I wouldn't force him to become a house dog since it seems like he feels very uncomfortable indoors. Maybe when the weather permits you can leave a door open and casually coax him in w/treats, toys or playful behavior. If the door is left open so he can easily leave if he feels uncomfortable he might not feel "boxed in" and will slowly start enjoying being inside.

                It was terriffic of you to take him in and give him a home. Just keep doing what you are doing w/socializing him and continue working w/his other issues. I bet once he matures a lilttle and looses his fears he will become a wonderful pet.....provided you can keep him contained in your
                Last edited by sheilabgroomer; 01-21-10, 06:37 AM.
                SheilaB from SC


                • #9
                  I'm sure he'll be fine in the barn. If that's where he's happy and you provide straw and whatever, then don't feel guilty if he doesn't like the house. Not all dogs like living indoors, especially if they didn't grow up that way. Keep him matt free, fed, and sheltered and he'll be just fine.
                  A Light exists in Spring, Not present on the Year, At any other period -- When March is scarcely here...~~ Emily Dickensen~~


                  • #10
                    There is a farm near me that has a few. They live in the pastures with the goats and seem quite content to lounge around watching over them. Someone who used to show them once told me they are fairly 'hard' dogs and do not make good housepets.


                    • #11

                      I have been showing and breeding pyrs for over 15 years. They are a lovely breed, but as most breeds they do have some characteristics that aren't for everyone.

                      First and foremost, they are wanderers - EVERYWHERE is their territory. Preferrably they should be in a fenced in area- whether a kennel or a livestock yard, at least 6' tall. I would never "okay" a tether or tie out situation, for ANY dog. Too many instances of strangulation.

                      The timidness is another part of the breed. Some can be socialized and it creates the confidence needed to overcome it - however, others never seem to get over the shyness and just feel more comfortable in certain "spaces". The fact that your guy is a year old, does give hope. Take him places, PetSmart, Petco, etc... bring him in the house - reward him with very irresistable treats - steak, chicken, peanut butter, cheese.... The only thing that makes you wonder, is you don't know how he was treated for the first year of his life - so most of all be PATIENT.... He's still a baby.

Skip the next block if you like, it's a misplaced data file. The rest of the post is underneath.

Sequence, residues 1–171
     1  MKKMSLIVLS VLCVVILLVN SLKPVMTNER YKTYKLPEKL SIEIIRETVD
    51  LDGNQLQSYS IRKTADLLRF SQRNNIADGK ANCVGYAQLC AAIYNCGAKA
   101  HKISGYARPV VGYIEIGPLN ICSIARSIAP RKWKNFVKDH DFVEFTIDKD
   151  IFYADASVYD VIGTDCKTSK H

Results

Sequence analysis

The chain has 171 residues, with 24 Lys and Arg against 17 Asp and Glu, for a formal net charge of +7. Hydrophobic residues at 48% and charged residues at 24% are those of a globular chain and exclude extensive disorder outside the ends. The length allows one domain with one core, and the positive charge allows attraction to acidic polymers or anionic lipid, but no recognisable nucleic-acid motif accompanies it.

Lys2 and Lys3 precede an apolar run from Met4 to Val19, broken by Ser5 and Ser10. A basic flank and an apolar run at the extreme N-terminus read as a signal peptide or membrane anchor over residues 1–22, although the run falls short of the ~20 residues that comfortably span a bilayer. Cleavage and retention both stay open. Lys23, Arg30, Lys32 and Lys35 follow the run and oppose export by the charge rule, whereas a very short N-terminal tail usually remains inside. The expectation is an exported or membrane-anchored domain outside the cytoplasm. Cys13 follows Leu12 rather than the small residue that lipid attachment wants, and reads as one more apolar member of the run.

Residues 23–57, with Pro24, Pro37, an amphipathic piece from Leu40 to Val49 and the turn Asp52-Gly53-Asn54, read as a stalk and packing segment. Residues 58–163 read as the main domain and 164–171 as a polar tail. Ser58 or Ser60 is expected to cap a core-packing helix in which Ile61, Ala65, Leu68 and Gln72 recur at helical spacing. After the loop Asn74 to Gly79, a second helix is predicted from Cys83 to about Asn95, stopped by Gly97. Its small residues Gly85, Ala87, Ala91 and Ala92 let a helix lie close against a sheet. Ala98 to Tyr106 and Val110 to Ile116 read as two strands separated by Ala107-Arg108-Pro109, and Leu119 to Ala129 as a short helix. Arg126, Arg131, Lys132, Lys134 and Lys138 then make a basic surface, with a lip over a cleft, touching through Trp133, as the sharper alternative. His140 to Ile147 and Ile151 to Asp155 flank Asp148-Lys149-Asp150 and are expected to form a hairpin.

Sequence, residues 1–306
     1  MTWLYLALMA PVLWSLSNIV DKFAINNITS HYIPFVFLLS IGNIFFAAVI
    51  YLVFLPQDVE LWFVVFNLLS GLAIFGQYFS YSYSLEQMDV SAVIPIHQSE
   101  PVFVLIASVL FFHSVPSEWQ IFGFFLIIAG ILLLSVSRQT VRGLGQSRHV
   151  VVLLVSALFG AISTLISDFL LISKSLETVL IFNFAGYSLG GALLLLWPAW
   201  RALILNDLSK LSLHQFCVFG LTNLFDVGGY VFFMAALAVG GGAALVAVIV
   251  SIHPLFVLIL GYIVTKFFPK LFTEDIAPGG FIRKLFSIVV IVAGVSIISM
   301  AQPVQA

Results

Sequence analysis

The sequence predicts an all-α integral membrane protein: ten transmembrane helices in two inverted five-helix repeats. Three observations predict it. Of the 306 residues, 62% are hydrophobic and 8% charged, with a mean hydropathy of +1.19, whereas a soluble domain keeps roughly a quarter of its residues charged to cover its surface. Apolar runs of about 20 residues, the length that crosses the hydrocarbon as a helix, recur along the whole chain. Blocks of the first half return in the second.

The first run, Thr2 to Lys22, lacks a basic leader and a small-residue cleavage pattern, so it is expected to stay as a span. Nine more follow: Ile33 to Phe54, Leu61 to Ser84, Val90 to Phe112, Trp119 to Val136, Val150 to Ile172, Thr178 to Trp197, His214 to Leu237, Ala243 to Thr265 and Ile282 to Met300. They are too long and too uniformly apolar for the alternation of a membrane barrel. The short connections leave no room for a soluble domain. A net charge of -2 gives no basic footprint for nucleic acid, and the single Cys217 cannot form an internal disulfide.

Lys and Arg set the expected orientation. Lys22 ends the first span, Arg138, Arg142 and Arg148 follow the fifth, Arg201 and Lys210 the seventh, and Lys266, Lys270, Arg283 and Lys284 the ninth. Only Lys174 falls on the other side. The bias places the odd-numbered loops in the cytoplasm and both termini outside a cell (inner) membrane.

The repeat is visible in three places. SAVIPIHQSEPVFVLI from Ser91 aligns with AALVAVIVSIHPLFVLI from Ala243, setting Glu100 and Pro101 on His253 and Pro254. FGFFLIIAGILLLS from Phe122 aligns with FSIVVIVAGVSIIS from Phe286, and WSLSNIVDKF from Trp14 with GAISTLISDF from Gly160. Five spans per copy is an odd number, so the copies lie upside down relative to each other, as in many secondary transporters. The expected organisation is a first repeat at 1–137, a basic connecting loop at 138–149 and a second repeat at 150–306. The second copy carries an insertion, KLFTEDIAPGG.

Please feel free to message me, if you have any other questions - I'd be more than happy to help.

                      Best Wishes to you and your new addition!



                      • #12
                        my pry

                        I signed on just to chat with you. My pyr is now 6 years, I rescued him when he was actually one and 100lbs however the rescue site said he was two. He was just beautiful, I got him home and within one day I was in tears, he was horrible, he would take pillows, throw rugs and antyhing that was not nailed down outside to chew and in fact when I went outside as soon as I hit the grass he thought I was a giant raggy ann doll, I still have tee shirts with the rear ripped out compliments of bear. When I went to get him micro chipped I discovered he was actually one and not two, big big difference. The resuce said he had already been returned twic. Away we went to training, and I do not believe in putting him on lease in the yard, so he would sit in the yard so nicely and the second I my attentions would be else where he would quietly sneek away and would not travel on the sidewalk but would travel along the houses so I could not see him, this behavior pattern continued for about a two - three years, I found him in a Fed Ex truck once he wanted to go for a ride, at the elementry school down the street chatting with the maitience man, in a neighbors house which he entered through the garage to enjoy a snack. If I did not take him for a walk he would walk himself. One day while I was searching for him a man down the street said he was traveling like he was on a mission. Well needless to say he his much smarter than me. Now we jsut celebrated his 6th birthday he weighs in at 140 lbs, gib bones :-), I walk him mostly every day and he doese not seem to have the desire to escape any longer.